WASHINGTON, Aug. 4 - Judge John G. Roberts Jr., the Supreme Court nominee, gave advice to advocates for gay rights a decade ago, helping them win a landmark 1996 ruling protecting gay men and lesbians from state-sanctioned discrimination.
And this as not so:
The White House immediately sought to reassure Judge Roberts’s conservative backers, telephoning prominent leaders, including Richard Land of the Southern Baptist Convention, but it appeared that not all of them had been convinced.
Was it to make Roberts look less doctrinaire and therefore more palatable to liberals? Or was it designed to plant seeds of doubt about his doctrinal trustworthiness among conservatives? Or to insinuate that maybe Roberts is gay after all? Or what?
I’m less so. In these times, I count on the history of Supreme Court Justices not living up to the expectations of those who put them there.
Join the speculation
I haven’t a clue.
Crooks and Liars, of course, has the video and a roudup of blogger reaction.
Thursday, August 04, 2005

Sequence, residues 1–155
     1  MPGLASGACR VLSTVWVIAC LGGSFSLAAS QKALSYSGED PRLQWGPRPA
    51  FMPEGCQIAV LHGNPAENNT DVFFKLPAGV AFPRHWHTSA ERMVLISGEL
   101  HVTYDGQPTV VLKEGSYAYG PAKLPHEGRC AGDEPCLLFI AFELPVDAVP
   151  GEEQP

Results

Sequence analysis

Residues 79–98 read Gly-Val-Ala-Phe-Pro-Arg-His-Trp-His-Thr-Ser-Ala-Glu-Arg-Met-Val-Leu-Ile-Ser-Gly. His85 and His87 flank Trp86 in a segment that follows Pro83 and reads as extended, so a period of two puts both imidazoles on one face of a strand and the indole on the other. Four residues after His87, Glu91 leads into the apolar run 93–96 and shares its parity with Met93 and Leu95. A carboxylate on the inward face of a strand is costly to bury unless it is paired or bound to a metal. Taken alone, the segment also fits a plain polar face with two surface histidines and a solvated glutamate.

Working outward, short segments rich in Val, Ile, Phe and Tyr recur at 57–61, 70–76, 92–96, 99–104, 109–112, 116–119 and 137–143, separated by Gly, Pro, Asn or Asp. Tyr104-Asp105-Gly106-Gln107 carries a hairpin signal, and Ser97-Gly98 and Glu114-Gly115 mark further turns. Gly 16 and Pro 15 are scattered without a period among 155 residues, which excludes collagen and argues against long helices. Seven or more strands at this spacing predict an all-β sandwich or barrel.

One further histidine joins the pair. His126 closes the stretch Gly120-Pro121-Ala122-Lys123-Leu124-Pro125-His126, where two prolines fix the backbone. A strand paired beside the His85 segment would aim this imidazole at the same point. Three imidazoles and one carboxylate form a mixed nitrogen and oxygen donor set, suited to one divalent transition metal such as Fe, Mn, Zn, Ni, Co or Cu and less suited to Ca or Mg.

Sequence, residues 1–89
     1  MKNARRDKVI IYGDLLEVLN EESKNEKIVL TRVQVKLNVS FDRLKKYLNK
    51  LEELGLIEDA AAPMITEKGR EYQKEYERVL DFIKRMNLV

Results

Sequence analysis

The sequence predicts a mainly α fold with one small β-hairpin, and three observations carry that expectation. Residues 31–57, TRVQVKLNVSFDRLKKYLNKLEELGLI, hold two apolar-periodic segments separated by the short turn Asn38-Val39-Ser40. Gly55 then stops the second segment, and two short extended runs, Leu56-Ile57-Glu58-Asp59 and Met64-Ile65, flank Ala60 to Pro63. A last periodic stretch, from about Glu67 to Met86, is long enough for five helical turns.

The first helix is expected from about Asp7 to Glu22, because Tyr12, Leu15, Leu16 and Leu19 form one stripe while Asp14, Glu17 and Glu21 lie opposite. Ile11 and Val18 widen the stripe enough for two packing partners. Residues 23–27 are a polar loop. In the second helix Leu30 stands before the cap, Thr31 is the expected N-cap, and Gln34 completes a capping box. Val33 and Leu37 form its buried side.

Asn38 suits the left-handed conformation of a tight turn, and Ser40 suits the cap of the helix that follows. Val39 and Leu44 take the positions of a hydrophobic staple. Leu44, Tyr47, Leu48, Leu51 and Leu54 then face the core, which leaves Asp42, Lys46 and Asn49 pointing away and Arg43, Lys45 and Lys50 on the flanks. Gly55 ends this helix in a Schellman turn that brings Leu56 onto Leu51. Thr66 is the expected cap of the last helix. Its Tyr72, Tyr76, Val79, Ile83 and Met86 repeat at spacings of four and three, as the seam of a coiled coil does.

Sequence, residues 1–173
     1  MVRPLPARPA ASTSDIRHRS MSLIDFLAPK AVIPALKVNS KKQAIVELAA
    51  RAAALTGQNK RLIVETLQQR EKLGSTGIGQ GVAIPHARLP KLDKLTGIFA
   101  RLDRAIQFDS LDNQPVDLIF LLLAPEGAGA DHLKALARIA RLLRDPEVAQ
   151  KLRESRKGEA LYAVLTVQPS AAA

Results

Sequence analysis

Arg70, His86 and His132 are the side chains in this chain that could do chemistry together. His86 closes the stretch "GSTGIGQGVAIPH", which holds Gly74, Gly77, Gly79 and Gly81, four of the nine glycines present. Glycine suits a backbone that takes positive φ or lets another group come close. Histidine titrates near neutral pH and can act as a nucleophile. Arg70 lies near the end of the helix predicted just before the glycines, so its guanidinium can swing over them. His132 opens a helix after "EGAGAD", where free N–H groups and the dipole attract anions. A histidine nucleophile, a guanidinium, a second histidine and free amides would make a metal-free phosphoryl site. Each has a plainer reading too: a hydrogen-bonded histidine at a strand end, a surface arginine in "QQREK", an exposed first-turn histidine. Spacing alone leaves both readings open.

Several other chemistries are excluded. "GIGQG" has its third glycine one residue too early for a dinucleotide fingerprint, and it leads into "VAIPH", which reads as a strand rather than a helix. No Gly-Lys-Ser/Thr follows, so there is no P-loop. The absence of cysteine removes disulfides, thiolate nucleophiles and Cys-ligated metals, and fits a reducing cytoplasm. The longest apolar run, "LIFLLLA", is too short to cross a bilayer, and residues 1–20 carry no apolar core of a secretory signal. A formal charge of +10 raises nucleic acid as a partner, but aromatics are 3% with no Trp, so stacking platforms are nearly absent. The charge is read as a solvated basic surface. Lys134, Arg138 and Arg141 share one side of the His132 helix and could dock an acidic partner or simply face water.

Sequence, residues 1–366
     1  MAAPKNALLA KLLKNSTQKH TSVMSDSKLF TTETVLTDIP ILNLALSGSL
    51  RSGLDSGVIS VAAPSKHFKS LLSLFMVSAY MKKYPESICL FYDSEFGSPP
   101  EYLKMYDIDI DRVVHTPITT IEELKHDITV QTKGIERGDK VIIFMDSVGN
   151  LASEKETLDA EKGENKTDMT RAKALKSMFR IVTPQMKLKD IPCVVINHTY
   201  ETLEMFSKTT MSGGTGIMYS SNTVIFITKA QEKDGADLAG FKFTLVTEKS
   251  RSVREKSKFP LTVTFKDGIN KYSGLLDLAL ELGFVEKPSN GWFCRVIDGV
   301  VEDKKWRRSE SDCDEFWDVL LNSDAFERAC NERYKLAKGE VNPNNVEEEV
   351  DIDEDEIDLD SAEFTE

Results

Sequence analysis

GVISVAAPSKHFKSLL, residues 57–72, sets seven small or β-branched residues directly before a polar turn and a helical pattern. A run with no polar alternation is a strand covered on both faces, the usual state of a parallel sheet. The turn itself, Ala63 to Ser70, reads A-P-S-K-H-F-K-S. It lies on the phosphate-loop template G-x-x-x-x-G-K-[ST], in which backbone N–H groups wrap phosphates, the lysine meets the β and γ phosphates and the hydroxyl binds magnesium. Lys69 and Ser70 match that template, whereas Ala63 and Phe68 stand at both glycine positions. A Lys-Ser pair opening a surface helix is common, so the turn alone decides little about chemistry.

On the future (& Intelligent Design)
There will be a time in the not-so-distant future when scientists doing animal research will be expected to use pairs of clones - one of each in the control and one in the experimental group. Failure to use genetically identical animals - an impossibility today - will be considered “sloppy science”.
At a party last night, in the midst of a conversation about PBS’s The 1900 House, I riffed on the future. I imagined that in the next 100 years we could eliminate pain and quoted Ray Kurzweil’s analogy that today’s medicine is something akin to “seasoning a soup” and we’re right now on the cusp of a medical revolution that will shift the paradigm to “soldering a circuit.”